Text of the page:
Too focused for my own good 

by Bill McGaughey

I believe that each of us conditions our brain to receive certain messages and ignore others. This helps us to stay focused on objects of purpose.

Now approaching 70 years of age, I recognize that I am socially awkward. I find it hard to make small talk with strangers because I have nothing to say. I don’t know enough about the topics - say, pro football games - that others are discussing. I would appear ignorant if I tried to join the discussion.

Part of who I am was determined between the ages of 9 and 14 when I attended a prep school. For the first time, I had homework to do for school, frequent tests, and papers that would be graded. I sat in class each day listening to the teacher go through the lesson plan. It got so that I could remember much of what the teacher said. I could also remember much of what I read in the textbooks.

I paid attention to these messages because I knew that they contained information that would be on the tests and affect my grade. It was important to me to get good grades. I was known as a top student. I had a reputation to protect.

What I did essentially was to narrow my scope of attention to what I needed to know on the tests. That meant that I did not pay attention to other things happening in my life. I did not pay attention to relationships with other students or to casual conversations that I might have with them. My self-esteem was based on getting good grades. I trained my brain to pay attention to what would serve that end.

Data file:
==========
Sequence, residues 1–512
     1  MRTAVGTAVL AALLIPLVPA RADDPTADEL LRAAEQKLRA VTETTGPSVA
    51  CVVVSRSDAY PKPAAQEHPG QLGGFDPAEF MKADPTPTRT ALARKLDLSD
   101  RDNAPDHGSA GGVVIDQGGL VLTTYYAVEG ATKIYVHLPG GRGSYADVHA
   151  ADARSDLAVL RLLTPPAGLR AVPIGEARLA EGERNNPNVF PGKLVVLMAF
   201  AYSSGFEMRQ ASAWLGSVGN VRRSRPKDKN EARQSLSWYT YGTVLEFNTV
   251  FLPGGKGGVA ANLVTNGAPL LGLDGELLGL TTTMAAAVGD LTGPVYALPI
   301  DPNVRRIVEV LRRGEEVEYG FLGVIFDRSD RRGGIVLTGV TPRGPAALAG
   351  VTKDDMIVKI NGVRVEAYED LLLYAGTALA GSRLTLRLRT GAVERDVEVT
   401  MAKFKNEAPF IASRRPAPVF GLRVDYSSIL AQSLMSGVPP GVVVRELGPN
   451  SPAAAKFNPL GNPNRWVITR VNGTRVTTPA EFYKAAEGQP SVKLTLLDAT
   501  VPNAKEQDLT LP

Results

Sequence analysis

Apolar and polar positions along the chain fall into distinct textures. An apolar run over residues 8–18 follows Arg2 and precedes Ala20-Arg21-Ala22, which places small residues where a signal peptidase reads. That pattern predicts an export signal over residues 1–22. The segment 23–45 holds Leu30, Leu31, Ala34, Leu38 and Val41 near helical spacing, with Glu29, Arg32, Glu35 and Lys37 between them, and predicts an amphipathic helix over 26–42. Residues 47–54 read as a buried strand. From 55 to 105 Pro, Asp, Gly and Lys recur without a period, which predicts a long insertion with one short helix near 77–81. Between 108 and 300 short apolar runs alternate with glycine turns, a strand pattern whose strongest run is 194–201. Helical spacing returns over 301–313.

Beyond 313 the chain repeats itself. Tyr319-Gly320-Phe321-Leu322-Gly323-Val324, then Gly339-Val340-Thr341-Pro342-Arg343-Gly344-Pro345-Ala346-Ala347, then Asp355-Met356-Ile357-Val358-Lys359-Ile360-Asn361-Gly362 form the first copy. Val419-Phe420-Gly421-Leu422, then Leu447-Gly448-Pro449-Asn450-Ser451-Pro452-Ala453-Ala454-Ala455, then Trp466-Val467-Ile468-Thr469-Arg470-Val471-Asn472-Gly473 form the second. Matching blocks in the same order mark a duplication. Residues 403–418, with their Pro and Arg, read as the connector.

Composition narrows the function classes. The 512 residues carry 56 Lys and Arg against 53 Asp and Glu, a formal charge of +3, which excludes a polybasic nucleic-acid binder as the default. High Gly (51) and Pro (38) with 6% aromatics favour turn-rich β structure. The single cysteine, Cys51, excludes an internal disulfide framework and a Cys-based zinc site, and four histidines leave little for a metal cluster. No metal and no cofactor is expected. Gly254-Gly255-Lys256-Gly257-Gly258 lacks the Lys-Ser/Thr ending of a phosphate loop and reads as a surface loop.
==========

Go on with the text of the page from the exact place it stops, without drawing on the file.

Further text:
At some point, I realized that life was passing me by. I could not build personal relationships based on my being an A-student. I began to realize that I was socially awkward because I had not had a full range of experiences and so I lacked the ability to talk intelligently about things that other people wanted to discuss. They would not want to discuss my high grades or the subjects studied in school. But I was focused on myself and subjects studied in school.

I have always had the ability to focus. It might have been better for me if I had relaxed mentally and opened myself up to other influences. However, I was led to believe that academic success measured in terms of grades would be my ticket to getting into a good college and being put on a path to career success. The first goal - college - I achieved, but not the second. I graduated from a prestigious college but failed to embark upon a rewarding career. I found that employers were more interested in socially skilled people than those with impressive academic records.

Actually, my academic record was far from distinguished. I was a middling college student. In my freshman year, I made a conscious decision not to pursue good grades when I decided I would not correct the mistake of a teacher who had graded my paper below what it deserved. I stopped being a well-honed learning machine and started to think randomly about ideas.